October 1, 2022 will be a big day for Exchange Online tenants because that’s when Microsoft starts to disable basic authentication for connectivity protocols whether or not tenants want this to happen. This is a huge and fundamental change that’s being driven by the need to increase the overall security of Exchange Online and individual tenants, while also blocking common attacks seeking to compromise user accounts. With only a year to go, it’s time to start work on preparing everything that needs to be in place for the great October 1 switchoff.
The Microsoft 365 admin center includes the ability to manage settings for the default Exchange Online authentication policy. You might have other policies to allow selective access with basic authentication to some protocols; these policies must be managed with PowerShell. Authentication policies are part of the journey to eliminate basic authentication from Exchange Online, now expected to happen in mid-2021.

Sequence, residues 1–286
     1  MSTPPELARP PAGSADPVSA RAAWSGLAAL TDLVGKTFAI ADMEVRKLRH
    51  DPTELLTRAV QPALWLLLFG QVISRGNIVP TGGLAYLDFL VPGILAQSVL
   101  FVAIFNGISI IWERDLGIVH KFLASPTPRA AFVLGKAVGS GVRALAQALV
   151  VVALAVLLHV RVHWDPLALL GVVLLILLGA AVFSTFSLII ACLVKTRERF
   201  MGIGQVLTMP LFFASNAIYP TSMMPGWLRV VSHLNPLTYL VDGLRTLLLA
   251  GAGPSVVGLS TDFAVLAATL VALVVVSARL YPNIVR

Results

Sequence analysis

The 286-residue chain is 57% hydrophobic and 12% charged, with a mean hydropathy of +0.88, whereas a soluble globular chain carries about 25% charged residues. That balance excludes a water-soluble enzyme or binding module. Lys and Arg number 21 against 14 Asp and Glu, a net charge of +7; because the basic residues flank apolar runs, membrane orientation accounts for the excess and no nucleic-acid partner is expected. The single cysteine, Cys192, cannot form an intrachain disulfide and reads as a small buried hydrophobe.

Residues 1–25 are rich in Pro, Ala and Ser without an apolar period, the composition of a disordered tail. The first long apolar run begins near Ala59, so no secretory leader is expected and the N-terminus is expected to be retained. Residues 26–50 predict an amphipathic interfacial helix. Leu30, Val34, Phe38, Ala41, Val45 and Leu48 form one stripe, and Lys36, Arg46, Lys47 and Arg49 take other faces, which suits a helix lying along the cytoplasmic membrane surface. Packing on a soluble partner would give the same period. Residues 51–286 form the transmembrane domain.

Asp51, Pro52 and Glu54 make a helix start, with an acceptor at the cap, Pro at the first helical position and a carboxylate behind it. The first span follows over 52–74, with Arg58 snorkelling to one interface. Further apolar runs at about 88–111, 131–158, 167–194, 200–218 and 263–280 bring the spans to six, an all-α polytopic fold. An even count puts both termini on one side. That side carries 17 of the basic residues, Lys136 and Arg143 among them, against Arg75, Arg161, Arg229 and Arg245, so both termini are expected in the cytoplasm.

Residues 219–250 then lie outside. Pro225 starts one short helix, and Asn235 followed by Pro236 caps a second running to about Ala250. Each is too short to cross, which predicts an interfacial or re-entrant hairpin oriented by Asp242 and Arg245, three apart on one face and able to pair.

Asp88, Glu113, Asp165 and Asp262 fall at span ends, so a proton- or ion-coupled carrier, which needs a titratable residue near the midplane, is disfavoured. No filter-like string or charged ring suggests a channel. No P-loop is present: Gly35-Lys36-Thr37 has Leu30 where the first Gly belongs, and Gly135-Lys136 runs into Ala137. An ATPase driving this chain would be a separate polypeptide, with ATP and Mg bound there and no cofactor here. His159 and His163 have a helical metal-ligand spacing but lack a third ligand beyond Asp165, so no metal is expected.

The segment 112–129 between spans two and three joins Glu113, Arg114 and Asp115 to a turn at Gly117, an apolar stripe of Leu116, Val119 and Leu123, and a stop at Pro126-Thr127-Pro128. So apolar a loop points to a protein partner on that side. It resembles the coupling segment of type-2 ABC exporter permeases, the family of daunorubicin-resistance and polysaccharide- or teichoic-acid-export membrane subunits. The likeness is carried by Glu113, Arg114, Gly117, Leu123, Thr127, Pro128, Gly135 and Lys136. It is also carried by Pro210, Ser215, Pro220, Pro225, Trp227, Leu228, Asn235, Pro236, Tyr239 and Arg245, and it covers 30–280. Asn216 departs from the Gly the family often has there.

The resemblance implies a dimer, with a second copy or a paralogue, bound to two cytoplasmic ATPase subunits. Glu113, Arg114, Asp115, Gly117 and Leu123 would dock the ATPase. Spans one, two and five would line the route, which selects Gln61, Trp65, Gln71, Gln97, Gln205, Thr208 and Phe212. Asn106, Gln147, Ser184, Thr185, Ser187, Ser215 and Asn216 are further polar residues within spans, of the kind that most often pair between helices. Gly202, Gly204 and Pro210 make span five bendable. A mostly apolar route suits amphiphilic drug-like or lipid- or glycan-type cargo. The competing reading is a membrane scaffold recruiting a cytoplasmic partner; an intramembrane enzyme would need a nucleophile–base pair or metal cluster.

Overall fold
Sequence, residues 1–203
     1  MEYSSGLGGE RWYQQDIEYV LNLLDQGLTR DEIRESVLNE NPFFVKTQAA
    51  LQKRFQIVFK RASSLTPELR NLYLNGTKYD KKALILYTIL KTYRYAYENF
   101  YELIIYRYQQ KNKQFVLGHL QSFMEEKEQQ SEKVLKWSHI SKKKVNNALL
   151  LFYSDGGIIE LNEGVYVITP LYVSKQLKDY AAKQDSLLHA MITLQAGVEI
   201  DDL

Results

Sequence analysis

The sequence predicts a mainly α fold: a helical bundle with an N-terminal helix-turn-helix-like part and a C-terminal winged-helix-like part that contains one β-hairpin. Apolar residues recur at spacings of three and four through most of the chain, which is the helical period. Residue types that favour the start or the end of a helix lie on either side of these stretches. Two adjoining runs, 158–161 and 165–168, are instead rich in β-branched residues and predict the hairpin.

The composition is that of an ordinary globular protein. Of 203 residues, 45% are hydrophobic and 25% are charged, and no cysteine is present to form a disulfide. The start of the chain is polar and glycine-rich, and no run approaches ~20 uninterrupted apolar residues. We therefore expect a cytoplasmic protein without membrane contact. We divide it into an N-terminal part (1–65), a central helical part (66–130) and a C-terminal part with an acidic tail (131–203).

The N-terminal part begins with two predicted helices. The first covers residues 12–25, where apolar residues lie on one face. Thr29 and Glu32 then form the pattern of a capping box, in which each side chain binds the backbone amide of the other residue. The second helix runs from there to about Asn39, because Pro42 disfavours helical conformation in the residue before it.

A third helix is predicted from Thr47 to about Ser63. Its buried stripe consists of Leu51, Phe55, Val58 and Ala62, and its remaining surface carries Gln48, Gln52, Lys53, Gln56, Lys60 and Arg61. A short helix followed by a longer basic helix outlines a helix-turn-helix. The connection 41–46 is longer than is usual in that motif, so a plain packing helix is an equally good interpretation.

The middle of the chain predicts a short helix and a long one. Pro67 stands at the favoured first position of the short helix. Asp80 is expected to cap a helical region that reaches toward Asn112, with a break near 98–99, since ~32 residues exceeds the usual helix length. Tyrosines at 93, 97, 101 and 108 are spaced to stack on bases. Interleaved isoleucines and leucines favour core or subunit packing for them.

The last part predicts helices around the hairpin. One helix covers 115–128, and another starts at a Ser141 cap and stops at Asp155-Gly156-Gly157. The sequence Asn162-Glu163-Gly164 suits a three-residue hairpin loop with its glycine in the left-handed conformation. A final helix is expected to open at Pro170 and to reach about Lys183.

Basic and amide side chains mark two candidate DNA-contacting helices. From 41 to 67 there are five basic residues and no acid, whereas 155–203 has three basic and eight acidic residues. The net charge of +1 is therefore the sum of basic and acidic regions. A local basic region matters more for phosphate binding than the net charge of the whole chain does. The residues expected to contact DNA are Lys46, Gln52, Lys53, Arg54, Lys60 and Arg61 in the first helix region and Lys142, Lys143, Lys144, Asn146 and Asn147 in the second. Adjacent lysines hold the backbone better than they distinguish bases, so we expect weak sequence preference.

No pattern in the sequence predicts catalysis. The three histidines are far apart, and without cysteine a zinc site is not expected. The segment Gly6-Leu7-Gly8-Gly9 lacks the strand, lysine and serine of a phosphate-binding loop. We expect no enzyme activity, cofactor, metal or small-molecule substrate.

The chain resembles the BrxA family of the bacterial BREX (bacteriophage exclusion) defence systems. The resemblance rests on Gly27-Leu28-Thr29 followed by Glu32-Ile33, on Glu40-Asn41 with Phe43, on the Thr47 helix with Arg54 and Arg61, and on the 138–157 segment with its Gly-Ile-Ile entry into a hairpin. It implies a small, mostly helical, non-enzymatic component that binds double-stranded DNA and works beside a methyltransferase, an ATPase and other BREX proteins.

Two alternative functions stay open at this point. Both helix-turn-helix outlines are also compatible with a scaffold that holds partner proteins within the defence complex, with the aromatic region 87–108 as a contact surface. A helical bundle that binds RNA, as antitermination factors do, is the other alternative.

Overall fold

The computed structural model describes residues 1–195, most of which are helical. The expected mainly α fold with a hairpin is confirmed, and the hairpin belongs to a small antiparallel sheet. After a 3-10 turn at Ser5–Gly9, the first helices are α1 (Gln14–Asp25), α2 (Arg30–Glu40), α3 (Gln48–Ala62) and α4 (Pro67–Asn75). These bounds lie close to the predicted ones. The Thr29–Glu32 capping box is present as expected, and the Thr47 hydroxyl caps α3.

Microsoft plans to disable basic authentication for five Exchange Online connection protocols on October 13, 2020. They’ve been clear on this point for several months and are now moving to deliver tools and provide guidance about what people should do about clients that use basic auth connections with Exchange Web Services, Exchange ActiveSync, IMAP4, POP3, and Remote PowerShell. Work is needed to make sure that clients are prepared for the switchover to modern authentication.
Exchange Online supports inactive mailboxes as a way to keep mailbox data online after Office 365 accounts are removed. Inactive mailboxes are available as long as a hold exists on them. You can update mailbox properties to exclude all or some org-wide holds. If you exclude holds from a mailbox, you run the risk that Exchange will permanently remove the mailbox. If that’s what you want, all is well, but if it’s not, then you might not be so happy.